Have you ever walked into a place completely foreign to you and just felt wholly and completely welcome? One of the few times as an adult I've felt that was the first time I walked into the Turntemple. A true monument of Hip-Hop, The Turntemple (A travelling DJ school housed in a 26-foot U-Haul) is unlike anything I had ever seen; a place where one of the pillars of Hip-Hop is tended and shared. The incredible human at the head of this low-key important space is DJ All Good (aka Peter Poole), Western Canada DMC Champion, Redbull Thre3style Finalist and human beam of Love. It didn't take more than a few seconds of me being in the Turntemple for him to come up to me, welcome me and notice my eyes on those turntables. Despite my crucial error in my first minute of touching them (“As long as you don't hit the needle, you're golden...” BAM! Right away, needle off the record.) he encouraged me to stay on and try it more, get closer to this foundation of the Hip-Hop that I love so much. Everyone I know who has crossed paths with the homie (This is a very high number of people) has glowing things to say about him and for good reason. His passion for music and willingness to share his vast reservoirs of knowledge – and his straight-up phenomenal skills – have made him a staple of West Coast festivals, strengthening the deep bonds between hip-hop and modern bass music whenever he sets up shop.
Finally getting a chance to do this interview thing proper with All Good was a thrill and I couldn't just pass up the opportunity to pick the brain of such an incredible DJ about all things scratchy and turny. So, in addition to the usual nonsense, we've mixed in a generous helping of queries about the Turntemple and the Art of Scratching.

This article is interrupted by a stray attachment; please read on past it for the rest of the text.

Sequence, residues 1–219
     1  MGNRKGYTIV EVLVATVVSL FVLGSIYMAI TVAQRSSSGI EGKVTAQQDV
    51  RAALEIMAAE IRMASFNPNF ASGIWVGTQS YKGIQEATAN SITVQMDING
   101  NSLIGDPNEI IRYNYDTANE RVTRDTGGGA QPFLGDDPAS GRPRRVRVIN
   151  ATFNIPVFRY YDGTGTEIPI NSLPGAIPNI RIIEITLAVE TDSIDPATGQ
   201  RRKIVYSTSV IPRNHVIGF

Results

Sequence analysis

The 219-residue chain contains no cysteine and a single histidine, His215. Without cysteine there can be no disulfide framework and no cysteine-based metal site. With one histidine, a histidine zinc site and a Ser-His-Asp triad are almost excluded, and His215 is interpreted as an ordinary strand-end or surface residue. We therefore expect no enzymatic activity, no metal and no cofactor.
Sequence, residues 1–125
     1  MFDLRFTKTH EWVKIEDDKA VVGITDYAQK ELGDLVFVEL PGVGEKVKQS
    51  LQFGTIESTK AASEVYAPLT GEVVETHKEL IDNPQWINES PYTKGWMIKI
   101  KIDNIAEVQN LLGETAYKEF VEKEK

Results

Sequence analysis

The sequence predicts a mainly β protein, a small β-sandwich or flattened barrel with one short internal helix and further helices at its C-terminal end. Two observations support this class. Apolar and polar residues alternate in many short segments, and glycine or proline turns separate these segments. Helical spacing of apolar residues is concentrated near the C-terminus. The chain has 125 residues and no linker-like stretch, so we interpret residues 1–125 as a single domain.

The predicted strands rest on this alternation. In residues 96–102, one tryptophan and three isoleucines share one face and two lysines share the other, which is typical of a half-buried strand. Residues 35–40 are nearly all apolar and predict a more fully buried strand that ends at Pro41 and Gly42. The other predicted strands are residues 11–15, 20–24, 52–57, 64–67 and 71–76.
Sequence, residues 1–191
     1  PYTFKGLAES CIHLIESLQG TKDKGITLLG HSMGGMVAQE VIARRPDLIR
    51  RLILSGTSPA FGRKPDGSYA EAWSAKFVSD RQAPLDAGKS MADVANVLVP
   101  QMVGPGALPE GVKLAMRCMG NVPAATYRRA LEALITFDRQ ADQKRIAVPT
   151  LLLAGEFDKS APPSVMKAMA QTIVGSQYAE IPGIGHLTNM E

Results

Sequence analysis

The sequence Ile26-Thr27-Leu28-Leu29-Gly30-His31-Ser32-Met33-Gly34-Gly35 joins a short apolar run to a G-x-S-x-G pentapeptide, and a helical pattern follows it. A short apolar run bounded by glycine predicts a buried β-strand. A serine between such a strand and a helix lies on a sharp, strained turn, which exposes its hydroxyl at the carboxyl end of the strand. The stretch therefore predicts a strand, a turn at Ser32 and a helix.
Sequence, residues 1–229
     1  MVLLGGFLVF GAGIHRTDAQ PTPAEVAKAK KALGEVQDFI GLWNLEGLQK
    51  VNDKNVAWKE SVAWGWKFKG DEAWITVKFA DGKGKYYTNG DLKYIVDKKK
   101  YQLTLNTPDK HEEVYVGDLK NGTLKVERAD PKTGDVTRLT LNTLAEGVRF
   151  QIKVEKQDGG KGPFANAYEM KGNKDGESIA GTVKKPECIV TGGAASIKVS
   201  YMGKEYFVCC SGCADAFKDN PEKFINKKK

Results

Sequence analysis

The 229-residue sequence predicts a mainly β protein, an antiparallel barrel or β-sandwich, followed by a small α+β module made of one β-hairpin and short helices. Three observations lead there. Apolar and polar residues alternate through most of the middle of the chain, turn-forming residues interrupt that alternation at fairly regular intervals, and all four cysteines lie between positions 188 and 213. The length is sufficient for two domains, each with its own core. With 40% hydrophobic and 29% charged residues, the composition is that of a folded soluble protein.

Recently the U-Haul truck that housed the original Turntemple drove its final roads and breathed its final gasps of life. If you dig the noble mission of preserving the Art of Djing, check out the Turntemple's GoFundMe page and considering supporting the cause with a donation to help cover the costs of getting this educational beast back on the road.
1. Do you remember the first album you bought with your own money?
It was one of those 1 penny for 10 albums things. I got 10 cassette tapes. I remember in that collection there was Pearl Jam Ten, INXS Kick, The Cure Greatest Hits, The Doors Greatest Hits, the Jimi Hendrix Experience Greatest Hits. Don't remember all of them but those were in there. As I matured I was a little bit ashamed I had so many Greatest Hits albums. There was Kids in the Hall skit where Bruce McDonald is running a record store and the guy comes in, “Hey, I'm looking to buy some Doors.” And Bruce says, “I'm not selling you any Doors! Greatest Hits albums are for grandmas!”
1a. How'd you get into the whole DJing thing?
Jam Master Jay...hearing “Peter Piper.” That song totally blew my mind. That and “Rocket” by Herbie Hancock. A lot of scratch DJs credit that song with being the song that got them into DJing because it's the first song that highlighted the turntable as an instrument. I'm talking turntablism here, not just DJing. I remember walking to school and air-scratching on my zipper, pulling it up and down. Hearing those songs really got me into it. Then I started making mixtapes for friends and house parties and stuff. I think if you're making a mix cassette tape it's a form of DJing – you're taking the time to curate and compile music for other peoples' listening experience, creating a journey.Read More